Maritime medical experts share advice on how to treat COVID-19 symptoms at home, when to seek help
By the time singer Elise Besler started getting a scratchy throat Christmas Eve, she had already been isolating at home, after her husband tested positive.
“I started having a bit of tickle in my throat, and started doing the rapid tests,” she says.
Her husband experienced fever and body aches.
Besler’s symptoms were different and progressed over time.
“Scratchy throat, a little bit of a nagging dry cough,” she recalls.
“It wasn't until I started having nasal congestion that I tested positive and the nasal congestion for me was the worst.”
Their self-care in isolation included fluids, rest, and over-the-counter medications to reduce fever and mucus. Besler says the congestion did move into her chest.
The couple used fingertip pulse oximeters to measure their oxygen levels, as well, just in case.
Besler says they’re both fully vaccinated and felt fortunate they didn’t experience any serious breathing problems.
While there's no approved medication specifically to treat COVID-19 on drugstore shelves right now, Baddeck pharmacist Graham MacKenzie says there are options for treating milder cases at home.
“It’s all symptomatic the way it’s treated,” he says.
He recommends over the counter steroid sprays for nasal congestion, and anything with honey for coughs.
For body aches, “take acetaminophen or ibuprofen, assuming you’re okay to take that,” MacKenzie says.
Family and emergency physician Dr. John Gillis says many cases can be handled at home; especially as emergency departments are stretched to the limit.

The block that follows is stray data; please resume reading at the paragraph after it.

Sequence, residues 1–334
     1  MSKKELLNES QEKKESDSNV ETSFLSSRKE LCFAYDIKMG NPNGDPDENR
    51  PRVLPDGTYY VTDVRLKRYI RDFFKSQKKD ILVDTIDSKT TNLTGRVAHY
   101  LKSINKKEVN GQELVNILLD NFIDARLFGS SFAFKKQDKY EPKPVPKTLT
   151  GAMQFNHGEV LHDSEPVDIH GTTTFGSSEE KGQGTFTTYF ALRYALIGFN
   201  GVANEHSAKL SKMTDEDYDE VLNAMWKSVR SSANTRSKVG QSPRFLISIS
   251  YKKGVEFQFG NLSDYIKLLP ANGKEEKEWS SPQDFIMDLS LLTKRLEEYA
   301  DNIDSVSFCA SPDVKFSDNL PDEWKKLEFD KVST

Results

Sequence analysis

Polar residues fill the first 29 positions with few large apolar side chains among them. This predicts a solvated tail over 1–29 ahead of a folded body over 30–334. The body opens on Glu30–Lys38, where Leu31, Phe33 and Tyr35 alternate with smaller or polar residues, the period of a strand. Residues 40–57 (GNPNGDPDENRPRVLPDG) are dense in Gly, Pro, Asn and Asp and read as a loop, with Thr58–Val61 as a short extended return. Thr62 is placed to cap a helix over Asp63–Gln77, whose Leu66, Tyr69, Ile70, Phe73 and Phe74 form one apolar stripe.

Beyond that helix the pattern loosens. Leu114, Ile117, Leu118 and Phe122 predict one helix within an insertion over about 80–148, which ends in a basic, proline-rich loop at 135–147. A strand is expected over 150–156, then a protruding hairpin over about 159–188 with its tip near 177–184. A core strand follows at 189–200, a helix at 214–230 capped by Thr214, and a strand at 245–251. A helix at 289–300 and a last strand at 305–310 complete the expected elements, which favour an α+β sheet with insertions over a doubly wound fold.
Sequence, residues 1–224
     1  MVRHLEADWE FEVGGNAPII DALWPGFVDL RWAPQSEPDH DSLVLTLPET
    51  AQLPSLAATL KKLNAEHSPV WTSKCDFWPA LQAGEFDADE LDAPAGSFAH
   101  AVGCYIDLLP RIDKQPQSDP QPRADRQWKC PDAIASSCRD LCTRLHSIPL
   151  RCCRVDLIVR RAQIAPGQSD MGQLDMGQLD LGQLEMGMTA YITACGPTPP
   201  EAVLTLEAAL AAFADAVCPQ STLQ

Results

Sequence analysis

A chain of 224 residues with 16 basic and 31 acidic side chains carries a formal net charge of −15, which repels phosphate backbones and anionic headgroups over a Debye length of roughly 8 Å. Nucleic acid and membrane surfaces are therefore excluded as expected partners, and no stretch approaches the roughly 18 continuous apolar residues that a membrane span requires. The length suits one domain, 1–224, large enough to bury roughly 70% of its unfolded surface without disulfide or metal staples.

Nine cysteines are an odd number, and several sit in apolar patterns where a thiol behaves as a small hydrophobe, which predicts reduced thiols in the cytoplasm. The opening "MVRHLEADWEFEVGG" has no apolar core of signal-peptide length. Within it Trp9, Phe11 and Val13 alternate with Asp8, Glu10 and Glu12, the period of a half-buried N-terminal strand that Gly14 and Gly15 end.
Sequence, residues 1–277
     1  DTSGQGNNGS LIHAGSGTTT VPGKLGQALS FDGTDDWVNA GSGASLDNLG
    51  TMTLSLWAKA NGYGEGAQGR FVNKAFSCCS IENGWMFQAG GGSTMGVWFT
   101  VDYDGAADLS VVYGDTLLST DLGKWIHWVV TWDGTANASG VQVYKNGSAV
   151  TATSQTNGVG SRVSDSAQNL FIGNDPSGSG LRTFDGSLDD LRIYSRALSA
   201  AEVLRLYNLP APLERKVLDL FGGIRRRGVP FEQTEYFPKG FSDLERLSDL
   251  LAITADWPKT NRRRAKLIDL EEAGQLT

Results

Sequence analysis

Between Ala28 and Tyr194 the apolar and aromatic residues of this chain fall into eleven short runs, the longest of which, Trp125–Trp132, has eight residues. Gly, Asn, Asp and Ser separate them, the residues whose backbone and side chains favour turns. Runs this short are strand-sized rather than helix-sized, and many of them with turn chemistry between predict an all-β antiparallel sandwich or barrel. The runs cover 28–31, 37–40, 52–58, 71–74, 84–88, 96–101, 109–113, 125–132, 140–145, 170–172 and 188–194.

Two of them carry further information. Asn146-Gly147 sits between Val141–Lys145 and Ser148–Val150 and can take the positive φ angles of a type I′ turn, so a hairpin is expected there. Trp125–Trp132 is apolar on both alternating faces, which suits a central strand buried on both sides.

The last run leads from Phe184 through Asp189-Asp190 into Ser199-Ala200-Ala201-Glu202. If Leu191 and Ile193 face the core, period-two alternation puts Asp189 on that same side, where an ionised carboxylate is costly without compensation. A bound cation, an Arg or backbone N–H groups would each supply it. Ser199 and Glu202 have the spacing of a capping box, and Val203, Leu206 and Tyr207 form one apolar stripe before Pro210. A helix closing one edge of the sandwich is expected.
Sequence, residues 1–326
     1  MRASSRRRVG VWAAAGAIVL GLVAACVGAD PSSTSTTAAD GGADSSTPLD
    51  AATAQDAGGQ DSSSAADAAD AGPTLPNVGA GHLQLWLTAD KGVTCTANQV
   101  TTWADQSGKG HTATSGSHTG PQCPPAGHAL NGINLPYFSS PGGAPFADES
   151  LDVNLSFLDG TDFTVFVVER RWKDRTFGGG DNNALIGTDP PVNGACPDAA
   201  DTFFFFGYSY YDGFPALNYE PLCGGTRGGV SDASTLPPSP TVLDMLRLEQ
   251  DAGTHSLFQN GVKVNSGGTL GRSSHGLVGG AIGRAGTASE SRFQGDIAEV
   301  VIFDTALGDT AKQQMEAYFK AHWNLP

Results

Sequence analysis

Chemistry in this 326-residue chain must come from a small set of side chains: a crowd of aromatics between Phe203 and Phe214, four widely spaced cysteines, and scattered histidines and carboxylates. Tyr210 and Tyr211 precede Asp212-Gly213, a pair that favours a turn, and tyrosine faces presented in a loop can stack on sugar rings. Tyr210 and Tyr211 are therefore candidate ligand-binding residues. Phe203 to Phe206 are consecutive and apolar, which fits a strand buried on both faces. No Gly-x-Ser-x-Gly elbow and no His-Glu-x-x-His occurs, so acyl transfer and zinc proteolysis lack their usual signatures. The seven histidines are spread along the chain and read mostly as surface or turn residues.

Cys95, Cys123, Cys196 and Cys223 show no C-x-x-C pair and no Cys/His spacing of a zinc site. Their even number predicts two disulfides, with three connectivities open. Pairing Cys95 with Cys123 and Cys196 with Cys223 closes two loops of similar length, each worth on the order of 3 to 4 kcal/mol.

“People are nervous, and I get that,” he says.
Dr. Gillis says he is seeing some headaches, sore throats, and even some GI symptoms, but typically less of the more severe respiratory symptoms.
“For the most part, people who are positive, what they need to do is stay home…in most cases they don’t need to come to the hospital,” he says.
But he stresses there are serious symptoms to be aware of that require immediate care, and he has seen those at the emergency department.
“What you want to watch for is really chest pain that's not resolving, particularly breathing issues, if someone is really dehydrated from gastrointestinal issues that's another reason probably but that's pretty rare," said MacKenzie.
“If you’re having extreme breathing difficulties, you’re having mobility problems, your lips are blue and your fingernails are blue… it’s time to realize that you have to go and either call 911 or contact your doctor and the outpatients’ department.”
For children, experts say many COVID-19 symptoms are similar to those in adults, including fever, sore throat, congestion, and cough.
“Children seem to have more vomiting and diarrhea than adults,” adds IWK pediatric emergency physician Dr. Katie Gardiner.
“Then sometimes can develop a rash.”
She says older children have also reported losing their sense of taste and smell.
Dr. Gardiner says treatment is about keeping kids comfortable, with over-the-counter medications for fever, plenty of fluids and rest.
She says a fever lasting more than five or six days is a red flag, as are dehydration and trouble breathing.
“And that might look like tugging of the muscles above your neck or tugging the muscles between the ribs,” says Dr. Gardiner.
“Or noticing that the belly is moving in and out really rapidly.”
Dr. Gardiner adds that she thinks it’s natural to feel scared.
“Most children won’t need emergency care, but if you’re worried about those red flags, we’re always open…and you can absolutely come [to the ED] if you are worried about those symptoms.”
Besler started feeling better this past weekend, although she still has fatigue.
Her advice to anyone who is sick at home is to reach out for help and emotional support from friends and family - even if it must be from a distance.
If you have COVID-19 symptoms, public health protocols in the Maritime provinces require a period of self-isolation. Those who are fully vaccinated need to isolate for at least seven days, until symptoms go away. Those who are unvaccinated are required to self-isolate for at least 10 days until symptoms end.
Anyone with concerns about symptoms can also call the provincial 811 health line, or their physician.